Household biogas digester

Problem statement

In Sub-Saharan Africa and especially Ghana, the use of renewable energy such as biogas is highly under-developed thus accounting for the country’s over-reliance on natural gas and other fossil-based fuels for electrical power generation . It is, therefore, very crucial for Ghana to expand the production of renewable energy such as biogas from food wastes, black water (waste water comprising human faeces, urine and flush water) for both industrial and household consumption. Consequently, coming up with an innovative and good technological design for household biogas production is very imperative.

Executive summary

Α household biogas digester piloted in a slum called Terterkessim in the K.E.E.A. Municipality of the Central Region of Ghana. A 2-seater toilet compartment was constructed on a pilot manually-stirred, fixed pyramidal-dome-shaped single-stage household biogas digester for a compound house of 32 persons in the Terterkessim slum. The pyramidal dome-shape biogas digester was constructed on an abandoned septic tank meant to contain faeces from the toilets. Blocks and concrete were used for the construction. The digester has a rectangular sub-surface base and a pyramidal gas holder above the surface of the soil. It also has a two-blade manual stirrer, a ball bearing affixed at the bottom and a handle to manually mix the content of the digester. A solar-photovoltaic was installed on the roof of the toilet connected to the digester to heat the content to a hyper-thermophilic condition for hygienising the digestate.

Technology description

The single-stage innovative household biogas digester constructed in Terterkessim slum composed of 3 chambers which were originally designed for a septic tank system. The septic tanks were connected to a two-unit toilet meant for that household. The first chamber was the biggest and was converted into the main single-stage household biogas digester in which the AD process occurred. It had a total volume of 8.64 m3. Adjoining the main reactor was a compensation tank which had a tunnel from the main digestion chamber. The compensation tank was about 3.17 m3. Within the compensation tank were steps designed to help with settling of particles as well as directing clear effluent to be discharged into the next chamber, the effluent collection and storage tank. The effluent collection and storage tank had a total volume of 4.52 m3. It had an effluent discharge pipe for overflow into a collection container for agricultural usage. Τhe digester could produce about 2.52 Nm3CH4/(kgCOD.d) which could be burnt for at least 8 hours for purposes such as cooking and heating in the households in the slum.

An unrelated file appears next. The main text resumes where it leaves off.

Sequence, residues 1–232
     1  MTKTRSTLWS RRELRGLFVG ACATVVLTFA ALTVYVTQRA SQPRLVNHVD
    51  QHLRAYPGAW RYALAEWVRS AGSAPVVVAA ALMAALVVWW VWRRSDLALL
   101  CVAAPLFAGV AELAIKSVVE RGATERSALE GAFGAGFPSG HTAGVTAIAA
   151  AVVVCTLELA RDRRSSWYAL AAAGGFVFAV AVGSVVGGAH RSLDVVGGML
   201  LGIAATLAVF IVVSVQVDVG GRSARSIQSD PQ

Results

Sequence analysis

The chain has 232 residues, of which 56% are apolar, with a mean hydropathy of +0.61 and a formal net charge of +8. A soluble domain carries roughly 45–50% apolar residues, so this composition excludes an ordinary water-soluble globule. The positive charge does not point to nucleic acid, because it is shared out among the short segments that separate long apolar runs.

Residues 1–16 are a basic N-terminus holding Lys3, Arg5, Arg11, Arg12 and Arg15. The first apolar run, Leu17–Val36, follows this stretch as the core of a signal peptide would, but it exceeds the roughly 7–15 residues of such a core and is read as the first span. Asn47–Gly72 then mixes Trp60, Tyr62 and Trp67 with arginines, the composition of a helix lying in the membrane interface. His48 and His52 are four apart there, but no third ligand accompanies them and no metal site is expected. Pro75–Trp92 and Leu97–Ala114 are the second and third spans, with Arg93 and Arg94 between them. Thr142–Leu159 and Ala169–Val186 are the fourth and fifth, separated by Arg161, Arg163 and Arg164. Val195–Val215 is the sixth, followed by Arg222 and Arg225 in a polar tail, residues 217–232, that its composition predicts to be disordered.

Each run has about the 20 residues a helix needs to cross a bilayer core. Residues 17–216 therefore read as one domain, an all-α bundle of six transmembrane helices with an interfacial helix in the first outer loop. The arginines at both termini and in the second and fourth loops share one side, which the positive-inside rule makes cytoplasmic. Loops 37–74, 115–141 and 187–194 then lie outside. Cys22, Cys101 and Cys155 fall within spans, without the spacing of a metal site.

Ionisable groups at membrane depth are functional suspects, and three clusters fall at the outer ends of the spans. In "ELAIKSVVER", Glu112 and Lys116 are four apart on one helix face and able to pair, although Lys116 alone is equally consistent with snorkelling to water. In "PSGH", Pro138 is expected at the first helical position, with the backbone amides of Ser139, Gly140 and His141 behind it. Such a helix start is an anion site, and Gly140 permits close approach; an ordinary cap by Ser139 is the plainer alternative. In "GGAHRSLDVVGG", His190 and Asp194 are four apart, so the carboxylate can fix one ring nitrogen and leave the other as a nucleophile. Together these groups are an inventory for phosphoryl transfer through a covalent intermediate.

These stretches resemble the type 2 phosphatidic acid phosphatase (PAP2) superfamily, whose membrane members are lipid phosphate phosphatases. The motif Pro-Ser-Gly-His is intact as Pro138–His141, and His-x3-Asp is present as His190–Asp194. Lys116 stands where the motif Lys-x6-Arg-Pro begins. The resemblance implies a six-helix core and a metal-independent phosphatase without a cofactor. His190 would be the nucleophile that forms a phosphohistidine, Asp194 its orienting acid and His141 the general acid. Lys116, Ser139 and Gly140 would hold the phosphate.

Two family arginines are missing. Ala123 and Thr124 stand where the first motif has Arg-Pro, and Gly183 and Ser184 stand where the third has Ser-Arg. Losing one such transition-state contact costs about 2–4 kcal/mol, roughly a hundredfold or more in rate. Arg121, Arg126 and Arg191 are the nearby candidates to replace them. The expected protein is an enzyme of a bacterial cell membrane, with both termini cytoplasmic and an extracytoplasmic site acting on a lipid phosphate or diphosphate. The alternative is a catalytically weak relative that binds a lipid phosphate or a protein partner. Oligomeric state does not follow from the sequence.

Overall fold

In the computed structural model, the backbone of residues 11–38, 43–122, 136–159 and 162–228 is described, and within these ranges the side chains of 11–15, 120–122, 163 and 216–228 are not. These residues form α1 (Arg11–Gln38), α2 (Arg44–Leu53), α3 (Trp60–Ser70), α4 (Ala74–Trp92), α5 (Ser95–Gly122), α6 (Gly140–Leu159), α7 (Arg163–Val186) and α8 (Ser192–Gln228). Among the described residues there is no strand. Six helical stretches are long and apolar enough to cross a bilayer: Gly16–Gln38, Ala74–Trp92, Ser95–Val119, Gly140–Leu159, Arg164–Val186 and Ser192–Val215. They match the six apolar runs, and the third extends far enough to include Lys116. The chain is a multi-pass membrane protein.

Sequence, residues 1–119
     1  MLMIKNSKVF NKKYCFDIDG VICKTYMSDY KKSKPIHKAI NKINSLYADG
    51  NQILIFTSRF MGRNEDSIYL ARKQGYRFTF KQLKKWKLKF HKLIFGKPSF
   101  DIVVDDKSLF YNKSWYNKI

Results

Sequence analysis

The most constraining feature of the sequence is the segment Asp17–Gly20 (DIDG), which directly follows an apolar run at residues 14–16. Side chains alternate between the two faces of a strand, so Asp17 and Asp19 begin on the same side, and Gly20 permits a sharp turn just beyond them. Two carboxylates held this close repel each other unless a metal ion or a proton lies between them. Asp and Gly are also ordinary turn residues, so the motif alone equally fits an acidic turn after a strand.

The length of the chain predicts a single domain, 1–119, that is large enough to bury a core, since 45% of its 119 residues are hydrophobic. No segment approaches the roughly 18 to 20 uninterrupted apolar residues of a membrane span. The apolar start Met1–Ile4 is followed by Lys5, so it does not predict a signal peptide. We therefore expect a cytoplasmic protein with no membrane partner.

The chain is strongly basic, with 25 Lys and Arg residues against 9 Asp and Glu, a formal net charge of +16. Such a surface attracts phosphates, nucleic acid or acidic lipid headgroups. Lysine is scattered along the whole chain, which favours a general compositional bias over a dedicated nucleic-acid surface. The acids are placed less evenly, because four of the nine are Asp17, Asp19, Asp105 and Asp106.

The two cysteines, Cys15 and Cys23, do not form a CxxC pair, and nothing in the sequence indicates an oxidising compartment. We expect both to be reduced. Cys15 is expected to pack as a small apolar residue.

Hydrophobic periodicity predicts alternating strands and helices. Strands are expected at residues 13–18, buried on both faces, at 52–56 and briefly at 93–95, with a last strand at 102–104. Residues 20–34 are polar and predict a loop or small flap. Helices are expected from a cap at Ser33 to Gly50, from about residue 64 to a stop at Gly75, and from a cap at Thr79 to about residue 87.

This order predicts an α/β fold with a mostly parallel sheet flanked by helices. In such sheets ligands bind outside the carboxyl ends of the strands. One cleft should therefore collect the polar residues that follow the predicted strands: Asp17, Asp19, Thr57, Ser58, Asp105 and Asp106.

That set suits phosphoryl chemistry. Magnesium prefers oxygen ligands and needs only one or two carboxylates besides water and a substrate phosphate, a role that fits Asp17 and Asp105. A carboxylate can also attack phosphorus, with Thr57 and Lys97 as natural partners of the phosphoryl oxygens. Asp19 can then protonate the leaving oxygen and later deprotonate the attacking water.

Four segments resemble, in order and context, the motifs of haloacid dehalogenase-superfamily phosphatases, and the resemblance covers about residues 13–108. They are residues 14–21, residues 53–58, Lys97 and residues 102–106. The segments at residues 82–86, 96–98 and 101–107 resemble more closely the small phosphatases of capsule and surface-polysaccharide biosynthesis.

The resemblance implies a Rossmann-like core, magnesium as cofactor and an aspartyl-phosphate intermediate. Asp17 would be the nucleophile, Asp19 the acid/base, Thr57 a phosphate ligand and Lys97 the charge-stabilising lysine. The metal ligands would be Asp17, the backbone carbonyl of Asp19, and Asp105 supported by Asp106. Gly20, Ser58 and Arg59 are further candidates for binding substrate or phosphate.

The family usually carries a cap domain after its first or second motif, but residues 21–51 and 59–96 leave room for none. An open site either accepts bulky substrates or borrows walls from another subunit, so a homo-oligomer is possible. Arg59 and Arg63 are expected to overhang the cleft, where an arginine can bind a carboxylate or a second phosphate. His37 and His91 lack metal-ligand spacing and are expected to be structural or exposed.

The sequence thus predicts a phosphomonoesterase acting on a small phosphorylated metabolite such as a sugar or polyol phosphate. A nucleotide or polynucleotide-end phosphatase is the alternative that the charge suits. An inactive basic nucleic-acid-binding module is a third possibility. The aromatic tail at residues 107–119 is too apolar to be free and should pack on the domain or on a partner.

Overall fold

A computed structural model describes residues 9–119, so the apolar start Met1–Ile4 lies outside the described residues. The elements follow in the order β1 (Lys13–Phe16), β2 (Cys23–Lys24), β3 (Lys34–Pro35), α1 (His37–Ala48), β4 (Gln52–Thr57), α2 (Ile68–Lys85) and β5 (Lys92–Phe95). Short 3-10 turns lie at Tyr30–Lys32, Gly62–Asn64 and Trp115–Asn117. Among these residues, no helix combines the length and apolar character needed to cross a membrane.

Market deployment considerations

Environmental considerations

An average COD removal of 97.6% was recorded for the digester.

Technology feedstock

agri-residues food waste waste

Type of process

anaerobic digestion thermal process

Technology output

biofertiliser biogas heat



Technology Readiness Level







Private sector

Technology owner/developer

University of Cape Coast
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